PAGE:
Overall when the sequence is observed it is clear to see that increasing the distance between the two coils is reducing the inter-action between the two, gradually separating them from a coupled coil system, to two independent coils with defined individual characteristics. It is interesting to note that the collapse of the coupled coil characteristics reflect changes that can be attributed to both the magnetic and dielectric induction fields. In the Z11 characteristics the two upper and lower parallel modes are gradually moving together in frequency, showing the reduced interaction between two modes at the same frequency, the upper from the primary at M3, and the lower from the secondary at M1. In accordance the series and parallel modes reflected in S21 are also proportionately moving together. The peak in S21 from the fundamental series resonant mode at M2, and the parallel mode at M4.

Figs 2.6-2.8. Show the final stages of collapse of the coupled coil characteristics as the distance between the two coils moves from 40cm to 60cm. Here the frequency axis has been zoomed to span only ~ 900kc, so that the details of the collapsing characteristics can be observed clearly. By 100cm the two coils are fully outside their field of influence, and the coupling of the induction fields between the two coils is insignificant, and the electrical properties of each are entirely dominated by the characteristics of the individual coil, and not by their inter-action. Any attempt to tune or adjust each individual circuit has no effect on the properties of the other. This may seem obvious since there is no-longer any coupling between the two coils, but the extent of the induction field influence is surprising at almost 1m between them, and suggests that the magnetic and dielectric fields of induction have a combined sphere of influence on the electronic properties of electrical elements, that can extend further than either of the induction fields individually.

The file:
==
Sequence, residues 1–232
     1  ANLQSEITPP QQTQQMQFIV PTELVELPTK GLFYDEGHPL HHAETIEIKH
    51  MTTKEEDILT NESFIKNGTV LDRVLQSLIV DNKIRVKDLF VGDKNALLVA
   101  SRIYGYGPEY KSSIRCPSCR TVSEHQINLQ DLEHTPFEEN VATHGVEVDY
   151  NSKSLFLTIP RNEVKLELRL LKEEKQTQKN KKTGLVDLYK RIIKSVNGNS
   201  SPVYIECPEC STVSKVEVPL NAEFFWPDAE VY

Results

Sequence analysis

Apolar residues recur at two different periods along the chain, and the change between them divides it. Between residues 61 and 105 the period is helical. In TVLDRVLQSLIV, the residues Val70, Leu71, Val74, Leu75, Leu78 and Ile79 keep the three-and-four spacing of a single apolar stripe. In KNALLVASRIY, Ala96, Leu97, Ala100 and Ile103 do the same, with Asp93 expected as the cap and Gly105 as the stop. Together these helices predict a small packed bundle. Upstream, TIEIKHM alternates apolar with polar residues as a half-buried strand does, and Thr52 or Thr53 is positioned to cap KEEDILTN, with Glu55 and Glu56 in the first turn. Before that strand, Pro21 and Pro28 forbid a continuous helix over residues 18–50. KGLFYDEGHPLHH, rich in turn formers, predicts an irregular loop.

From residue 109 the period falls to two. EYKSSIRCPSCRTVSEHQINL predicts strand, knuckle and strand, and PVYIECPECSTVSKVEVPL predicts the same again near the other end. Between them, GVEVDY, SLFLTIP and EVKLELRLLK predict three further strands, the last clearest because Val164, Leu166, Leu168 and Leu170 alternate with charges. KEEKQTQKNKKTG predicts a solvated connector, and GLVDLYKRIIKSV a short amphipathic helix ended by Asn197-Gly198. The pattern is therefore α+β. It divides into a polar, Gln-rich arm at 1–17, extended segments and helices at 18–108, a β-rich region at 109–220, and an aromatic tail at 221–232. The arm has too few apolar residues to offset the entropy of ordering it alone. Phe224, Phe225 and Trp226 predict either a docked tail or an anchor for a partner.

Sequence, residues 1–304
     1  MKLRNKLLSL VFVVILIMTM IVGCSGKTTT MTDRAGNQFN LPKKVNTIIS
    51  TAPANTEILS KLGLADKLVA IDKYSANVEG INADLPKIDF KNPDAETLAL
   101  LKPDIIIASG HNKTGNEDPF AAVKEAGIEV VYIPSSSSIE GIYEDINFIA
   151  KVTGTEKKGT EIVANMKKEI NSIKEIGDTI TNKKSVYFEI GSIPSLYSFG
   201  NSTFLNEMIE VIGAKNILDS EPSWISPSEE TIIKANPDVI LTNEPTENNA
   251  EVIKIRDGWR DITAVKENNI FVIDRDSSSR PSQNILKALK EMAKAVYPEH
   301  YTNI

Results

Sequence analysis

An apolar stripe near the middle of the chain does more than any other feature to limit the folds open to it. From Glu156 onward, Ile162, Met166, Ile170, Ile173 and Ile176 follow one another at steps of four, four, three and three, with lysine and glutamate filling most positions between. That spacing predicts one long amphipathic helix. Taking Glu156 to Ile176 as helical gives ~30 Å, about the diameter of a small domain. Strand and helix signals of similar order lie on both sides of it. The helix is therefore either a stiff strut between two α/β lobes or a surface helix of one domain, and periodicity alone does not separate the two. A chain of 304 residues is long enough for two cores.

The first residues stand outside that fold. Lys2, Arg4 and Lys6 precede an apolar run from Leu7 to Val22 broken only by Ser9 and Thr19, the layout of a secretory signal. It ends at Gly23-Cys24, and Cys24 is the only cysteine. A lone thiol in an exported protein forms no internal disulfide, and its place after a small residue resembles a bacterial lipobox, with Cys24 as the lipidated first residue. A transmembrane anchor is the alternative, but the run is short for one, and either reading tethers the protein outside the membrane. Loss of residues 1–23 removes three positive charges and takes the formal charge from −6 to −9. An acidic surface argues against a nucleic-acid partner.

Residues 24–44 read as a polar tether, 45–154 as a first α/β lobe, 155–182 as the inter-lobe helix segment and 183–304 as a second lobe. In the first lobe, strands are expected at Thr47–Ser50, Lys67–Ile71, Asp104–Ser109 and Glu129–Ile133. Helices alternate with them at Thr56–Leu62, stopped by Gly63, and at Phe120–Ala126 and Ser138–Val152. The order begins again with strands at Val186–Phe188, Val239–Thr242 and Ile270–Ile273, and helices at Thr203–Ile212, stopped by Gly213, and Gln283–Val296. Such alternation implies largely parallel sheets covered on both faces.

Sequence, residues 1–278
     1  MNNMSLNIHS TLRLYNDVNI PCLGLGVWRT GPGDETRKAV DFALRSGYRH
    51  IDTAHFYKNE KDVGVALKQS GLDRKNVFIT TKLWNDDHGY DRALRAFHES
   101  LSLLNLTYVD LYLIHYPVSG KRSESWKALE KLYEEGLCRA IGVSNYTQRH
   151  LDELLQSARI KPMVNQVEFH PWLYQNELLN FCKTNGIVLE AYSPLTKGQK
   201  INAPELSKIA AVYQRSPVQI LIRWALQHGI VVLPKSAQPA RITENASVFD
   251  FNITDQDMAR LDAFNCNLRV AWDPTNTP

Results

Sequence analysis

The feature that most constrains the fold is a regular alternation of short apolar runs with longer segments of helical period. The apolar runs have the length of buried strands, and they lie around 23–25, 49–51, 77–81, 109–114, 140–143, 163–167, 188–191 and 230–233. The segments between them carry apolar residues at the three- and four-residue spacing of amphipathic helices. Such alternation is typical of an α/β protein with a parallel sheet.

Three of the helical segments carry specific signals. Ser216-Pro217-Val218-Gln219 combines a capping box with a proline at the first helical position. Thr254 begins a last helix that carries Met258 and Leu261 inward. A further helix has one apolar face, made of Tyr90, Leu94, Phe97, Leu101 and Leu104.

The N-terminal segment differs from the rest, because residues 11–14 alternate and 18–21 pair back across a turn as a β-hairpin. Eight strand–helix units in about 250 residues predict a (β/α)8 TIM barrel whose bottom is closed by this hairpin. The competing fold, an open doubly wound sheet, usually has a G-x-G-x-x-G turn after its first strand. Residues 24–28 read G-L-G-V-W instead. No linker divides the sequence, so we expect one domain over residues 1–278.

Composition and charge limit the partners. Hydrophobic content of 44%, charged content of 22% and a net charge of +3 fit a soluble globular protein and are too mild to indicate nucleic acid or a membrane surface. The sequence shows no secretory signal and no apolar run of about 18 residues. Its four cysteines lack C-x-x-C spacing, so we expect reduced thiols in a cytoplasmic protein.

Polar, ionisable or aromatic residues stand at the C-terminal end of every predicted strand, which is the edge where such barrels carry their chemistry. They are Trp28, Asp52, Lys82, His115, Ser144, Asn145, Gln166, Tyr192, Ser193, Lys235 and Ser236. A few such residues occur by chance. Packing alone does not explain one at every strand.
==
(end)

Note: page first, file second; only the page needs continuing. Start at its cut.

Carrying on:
Figures 3 below consider a simple equivalent circuit of the TC system modelled in LTSpice. The results of the modelling show the voltage transfer gain of the equivalent circuit over the frequency range 1 – 4 Mc. The modelled equivalent circuit reveals surprisingly close correspondence, for such a simple model, to the key features of both the series and parallel modes in the measured transmission gain S21, and especially using the actual measured and derived lumped element circuit values from the cylindrical TC.